Next project: 11/24. Does it need memory?--Working-ish!

Noel Chiappa jnc at
Wed Oct 28 18:48:49 CDT 2020

    > From: Chris Zach

    > The last board is a new style 11/24 and it doesn't do anything but it
    > does have three switch packs. So I just need to find the manual for it

Appendix D in the 003 rev of the /24 TM has the details of the -YA..

    > In the meantime the UNIBUS problem also appears to be fixed: The
    > problem was that sure enough: One of the memory slot SPC's (4) did not
    > have the DMA jumper.

Checking grant line continuity is part of system setup for me; the fact than
on many backplanes, the DMA grant jumpering is wirewrap on the back of the
backplane is a PITA, but back when it wasn't that big a deal. (Heck,
configuration jumpering on boards was all soldered wires BITD!)

The need for grant continuity is actually a characteristic of the _CPU_, not
the bus. I was astonished the first time I played with an /04 (or naybe it
was a /34, I forget), because on them, I'm pretty sure (I can't find it in
the documentation, but I'm pretty sure I remember it) that on power-on, the
CPU checks for grant continuity, and won't work without it. (They all require
the M9302 teminator or equivalent, which has active circuitry to turn around
an unclaimed grant onto the BSACK line.)

When the CPU powers up, it sends grants down the grant lines and expects to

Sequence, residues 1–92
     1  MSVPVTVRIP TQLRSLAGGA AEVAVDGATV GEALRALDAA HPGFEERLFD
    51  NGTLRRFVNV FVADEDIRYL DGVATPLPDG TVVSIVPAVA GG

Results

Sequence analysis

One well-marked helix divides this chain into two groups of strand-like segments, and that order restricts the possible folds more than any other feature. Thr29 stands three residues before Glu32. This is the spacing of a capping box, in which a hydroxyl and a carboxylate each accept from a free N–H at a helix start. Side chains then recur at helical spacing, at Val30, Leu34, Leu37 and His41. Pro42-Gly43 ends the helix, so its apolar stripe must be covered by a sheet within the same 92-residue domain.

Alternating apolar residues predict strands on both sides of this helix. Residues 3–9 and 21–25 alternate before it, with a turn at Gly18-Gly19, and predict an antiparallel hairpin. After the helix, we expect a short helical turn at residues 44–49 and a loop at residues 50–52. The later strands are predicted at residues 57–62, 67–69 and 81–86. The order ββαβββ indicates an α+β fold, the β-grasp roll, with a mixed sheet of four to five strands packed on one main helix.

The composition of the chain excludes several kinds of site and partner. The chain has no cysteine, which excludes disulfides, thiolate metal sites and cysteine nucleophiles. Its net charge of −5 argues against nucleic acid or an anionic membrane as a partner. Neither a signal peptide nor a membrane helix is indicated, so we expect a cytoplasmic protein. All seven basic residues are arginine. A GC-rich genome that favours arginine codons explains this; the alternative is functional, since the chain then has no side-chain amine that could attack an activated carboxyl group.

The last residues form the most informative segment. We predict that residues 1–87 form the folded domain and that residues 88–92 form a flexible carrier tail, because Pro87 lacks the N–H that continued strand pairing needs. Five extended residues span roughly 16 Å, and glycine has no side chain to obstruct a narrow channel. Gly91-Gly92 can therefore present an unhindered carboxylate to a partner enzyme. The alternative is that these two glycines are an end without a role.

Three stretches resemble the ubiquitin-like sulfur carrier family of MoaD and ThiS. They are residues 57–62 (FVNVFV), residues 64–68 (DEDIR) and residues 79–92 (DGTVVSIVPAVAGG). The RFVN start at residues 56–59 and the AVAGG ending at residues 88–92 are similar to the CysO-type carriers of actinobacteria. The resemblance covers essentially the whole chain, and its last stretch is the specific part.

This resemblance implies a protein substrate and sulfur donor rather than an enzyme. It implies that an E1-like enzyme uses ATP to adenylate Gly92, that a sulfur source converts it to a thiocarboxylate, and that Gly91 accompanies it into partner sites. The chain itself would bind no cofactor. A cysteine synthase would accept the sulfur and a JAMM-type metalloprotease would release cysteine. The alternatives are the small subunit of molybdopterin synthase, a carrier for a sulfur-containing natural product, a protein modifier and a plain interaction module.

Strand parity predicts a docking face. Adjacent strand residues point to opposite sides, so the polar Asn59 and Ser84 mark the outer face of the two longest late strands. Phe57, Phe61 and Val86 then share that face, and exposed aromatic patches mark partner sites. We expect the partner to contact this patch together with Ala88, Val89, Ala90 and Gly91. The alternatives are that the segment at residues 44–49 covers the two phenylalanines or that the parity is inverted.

see them back on SACK (from the M9302), and it won't operate if this doesn't
happen.  That floored me when I ran across it, because on the older UNIBUS
CPUs I'd worked with BITD (/40's, etc) it was the done thing to be able to
leave a gap in the grant _downtream_ of the last card that could do
interrupts; no possible operational problem.

I'm not sure why DEC added that 'feature'; probably somebody thought it would
make systems more robust, but I bet all it did was generate a bunch of Field
Circus calls. (Kind of like the LSI-11 'feature' where ODT won't start unless
there's working memory at 0 - another wonderful little Easter Egg.)

Ironically, although the QBUS uses _exactly_ the same kind of bus grant lines,
no QBUS processor seems to check their continuity in this way; I habitually
run my QBUS machines without all the slots filled, and F11 and J11 processors
all run fine with open grant lines (after the last card that uses
interrupts). I guess DEC found out the hard way that that check wasn't

But this, as I said, is a characteristic of the CPU, not the bus.

    > Anyone even know why Q-Bus doesn't need termination

QBUS documentation has long ediscussions of maximum cable lengths between
backplane sections, but little about cases where termination on both ends is
not needed. One exception is in the " pdp11 bus hanbook", pg. 128:

  If nore than 20 AC loads are included [on a single bacplane], the other end
  of the bus must be terminated with 120 ohms.

The clear implication is that with <20 AC loads, termination at the second
end is not needed. No explanation is given as to why, but I had the same
thoughts as Patrick Finnegan - that it's down to the very short bus lengths.
(With a short bus, the reflection from the un-terminated end will be
very close in time - the line length for the lines on a single backplane
is spec'd at a max od about 14"; so about 1 nsec.  That's on the
order of magnitude of the bus signal rise times.)

If you think about it, every time you plug in a card, you've added a
short branch to the bus on every bus line (since they aren't normally
terminated at the transmitter/reveiver chips). But very short
branches, so their reflections are even closer in time.


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